The king of Israel is important preeminently because he gives visible expression to the presence and protection of the invisible God among his people. Other institutions of Israel similarly speak of God’s royal and loving care. Particularly Jerusalem, the fortress capital, and the temple, the place of meeting and mercy for the people, speak of God’s sovereign provision for his people.
References to Jerusalem and the temple occur in fourteen of Book Two’s thirty-one psalms. Three examples show this usage: “There is a river whose streams make glad the city of God, the holy habitation of the Most High,” (Psalm 46:4). “Oh, that salvation for Israel would come out of Zion!” (Psalm 53:6) “God has spoken from his sanctuary,” (Psalm 60:6) God dwells among his people in Jerusalem, specifically in the temple.
Book Two focuses on the king and his citadel as standing at the center of God’s great redemptive work. In his king, his city, and his temple, God was doing his saving work for all the world to see. For example, Psalm 67 prays for the priestly blessing of Number 6 to come: “May God be gracious to us and bless us and make his face to shine upon us,” (v. 1). But this blessing given to Israel is extended in this psalm to the whole world: “that your way may be known on Earth, your saving power among all nations. Let the peoples praise you, O God; let all the peoples praise you!” (vv. 2-3) The true king will ultimately have a universal kingdom.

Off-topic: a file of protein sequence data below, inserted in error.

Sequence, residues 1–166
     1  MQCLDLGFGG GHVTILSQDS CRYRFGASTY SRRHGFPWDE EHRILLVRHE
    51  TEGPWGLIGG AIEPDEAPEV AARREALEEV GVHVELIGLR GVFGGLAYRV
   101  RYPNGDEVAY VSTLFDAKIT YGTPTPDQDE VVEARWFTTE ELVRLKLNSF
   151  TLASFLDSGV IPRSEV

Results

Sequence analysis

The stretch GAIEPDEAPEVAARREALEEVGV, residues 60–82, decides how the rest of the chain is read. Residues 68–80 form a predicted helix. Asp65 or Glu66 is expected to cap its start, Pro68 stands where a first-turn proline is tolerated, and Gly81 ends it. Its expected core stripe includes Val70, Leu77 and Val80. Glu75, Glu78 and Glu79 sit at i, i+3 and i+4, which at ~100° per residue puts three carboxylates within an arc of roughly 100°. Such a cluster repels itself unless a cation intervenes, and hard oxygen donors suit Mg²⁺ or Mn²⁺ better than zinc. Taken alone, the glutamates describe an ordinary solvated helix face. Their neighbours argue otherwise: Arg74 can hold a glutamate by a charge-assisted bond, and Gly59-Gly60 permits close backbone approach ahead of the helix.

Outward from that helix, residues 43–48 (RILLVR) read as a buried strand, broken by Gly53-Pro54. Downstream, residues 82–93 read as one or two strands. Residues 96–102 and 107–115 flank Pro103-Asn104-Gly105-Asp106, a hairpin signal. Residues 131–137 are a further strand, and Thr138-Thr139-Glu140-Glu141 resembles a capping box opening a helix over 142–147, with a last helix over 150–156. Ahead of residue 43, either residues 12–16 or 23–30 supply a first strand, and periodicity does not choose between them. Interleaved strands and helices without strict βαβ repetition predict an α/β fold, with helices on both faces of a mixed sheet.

The centrality of the king and kingdom to Book Two appears also in the structure of the book as a whole. This structure is chiastic with an artful variation:
- Psalms 42–44 and 69–72 express the longing of king and people for the blessings of God.
- Psalms 45–48 and 65–68 express the success of God and his king in Zion and in the world.
- Psalms 51–64, as the center of the book, expresses the struggles of David as God’s king.
- Psalms 49 and 50, as an artful variation of the chiastic structure, express warnings to the world and to Israel of the necessity of serving God.
The vision that God’s king, capital, and temple will be a blessing to the world can only be fulfilled in Christ. The words of Psalm 72 about a worldwide kingdom are more than David or Solomon ever experienced. In Jesus, the hopes and aspirations of Book Two are being fulfilled.
Outline of Book Two
Psalms 42–44: Commitment in trials
Psalms 45–49: Commitment in praise of God and his kingdom
Psalms 50–53: Commitment in the face of sin
Psalms 54–64: Commitment despite enemies
Psalms 65–69: Commitment in worship in the temple
Psalms 70–72: Commitment to God our deliverer
Questions for Reflection and Discussion
- Provide some examples of how Book Two underscores the importance of the king and the kingdom of God’s people.
- What are two distinct ways that Book Two develops the theme of kingship? Why is the king of Israel preeminently important throughout Book Two?
- List three examples of references to Jerusalem and the temple. What is the significance of the king, his city, and his temple? How are these things applicable to Christians today?